sharing economy

Caught: Madrid car-sharers stowing vehicles away overnight

Car2Go and Emov claim just a few users keep cars inside their own garage, but many say otherwise

A Car2Go user getting ready to 'hop in and drive.'
A Car2Go user getting ready to 'hop in and drive.'Jaime Villanueva

Dozens of Madrid users of the car-sharing services Car2go and Emov are keeping the rental vehicles inside their own garages at night, in order to have them available for use again the next day. EL PAÍS has visually confirmed how widespread the practice is despite rules that say the cars must be left parked in public areas so other drivers can use them.

Car2go officials claim that the people who are doing this are a small minority of all customers, and warn that they could be fined €250 besides the cost of having the car towed. Emov said it had not detected any such cases.

But several users have told EL PAÍS that the practice – which was initially reported by the online Spanish media outlet Vozpopuli – is a recurring reality.

I looked on both side streets in case it was a GPS mistake, but no. It was inside a building

Alonso T., Car2Go customer

Car2go and Emov are two of the companies offering car-sharing services through mobile apps. The problem is that some users have figured out the system’s weak point and have decided to make the most of it: as long as the car is in use, the customer is charged €0.19 a minute. Once the trip is over and the car parked, the system stops charging the customer, and the car becomes available for the next nearest client.

Unless, that is, the car has not been parked on a public road but on private property.

This means that unsuspecting customers who see a car as being available on their app map will walk over to the designated spot, only to find there is no vehicle there. Meanwhile, the guilty party has the car ready to go inside his or her garage.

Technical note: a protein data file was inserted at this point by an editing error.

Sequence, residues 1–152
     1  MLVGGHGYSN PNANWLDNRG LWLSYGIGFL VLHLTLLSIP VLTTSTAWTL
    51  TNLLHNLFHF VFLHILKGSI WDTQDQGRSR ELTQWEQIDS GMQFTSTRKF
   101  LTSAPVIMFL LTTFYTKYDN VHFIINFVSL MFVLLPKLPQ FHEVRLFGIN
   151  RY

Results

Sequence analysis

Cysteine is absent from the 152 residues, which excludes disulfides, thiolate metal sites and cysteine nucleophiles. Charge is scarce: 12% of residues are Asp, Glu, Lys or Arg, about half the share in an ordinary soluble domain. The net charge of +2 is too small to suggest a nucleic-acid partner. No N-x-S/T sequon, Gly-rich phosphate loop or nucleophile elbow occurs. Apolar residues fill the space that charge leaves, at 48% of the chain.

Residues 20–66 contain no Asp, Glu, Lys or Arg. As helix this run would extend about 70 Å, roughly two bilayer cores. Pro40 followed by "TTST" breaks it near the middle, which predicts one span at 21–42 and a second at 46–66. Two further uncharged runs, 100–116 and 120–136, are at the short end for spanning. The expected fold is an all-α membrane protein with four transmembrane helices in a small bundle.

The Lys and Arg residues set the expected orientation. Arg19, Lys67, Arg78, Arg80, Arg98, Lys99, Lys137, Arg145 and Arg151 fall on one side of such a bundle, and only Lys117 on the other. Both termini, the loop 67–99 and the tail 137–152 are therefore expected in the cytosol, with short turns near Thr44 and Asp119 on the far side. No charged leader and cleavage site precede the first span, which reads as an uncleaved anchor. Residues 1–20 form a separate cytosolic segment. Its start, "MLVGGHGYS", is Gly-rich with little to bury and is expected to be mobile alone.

The practice is most common in Madrid, where each Car2Go vehicle is used 12 to 15 times a day, the highest rate for the company in Europe.

Car2Go warns that violators could be fined €250 besides the cost of having the car towed away

The firm said they have 2.2 million customers worldwide and that there are always “exceptions” to the otherwise lawful behavior displayed by their users.

“To have one of our cars parked inside a private garage is something that rarely occurs, and it violates the terms and conditions of our service,” said a company spokesperson, adding that they are fighting against “these bad practices.”

Representatives of Emov – the second-largest car-sharing service in Madrid – said they were unaware of any cases with their own vehicles.

Gone by dusk

But the apps for both firms clearly show how dozens of users are stowing away the rental vehicles, mostly in the evening, in order to have them available the next morning. Very often the cars end up in residential areas outside the city center.

B. M., a regular user of Car2go, says that on more than one occassion he has walked over to a spot where there was no car to be found. “And if you notice, when it gets dark there are barely four or five cars available in [downtown areas] like Chueca, Gran Vía...”

Carsharing has become increasingly popular in cities like Madrid and Barcelona.
Carsharing has become increasingly popular in cities like Madrid and Barcelona.Skypistudio

Alonso T., a regular user of Car2Go’s services, experienced the problem on Wednesday in the central neighborhood of Lavapiés. “I booked a car through the app on Mallorca street, and when I got there it wasn’t there,” he says. “I looked on both side streets in case it was a GPS mistake, but no. It was inside a building. I felt like spending the whole morning booking it so the unscrupulous individual who kept it in his garage would not be able to use it all day.”

Alonso adds that he had the same negative experience in Berlin, where he used to live for work reasons.

Paco Gómez, another resident of Madrid, used social media to alert the company about people breaking the rules. “I saw what was happening and reported it directly through Twitter to the company. But nobody replied, nor was I offered a solution as a user.”

English version by Susana Urra.

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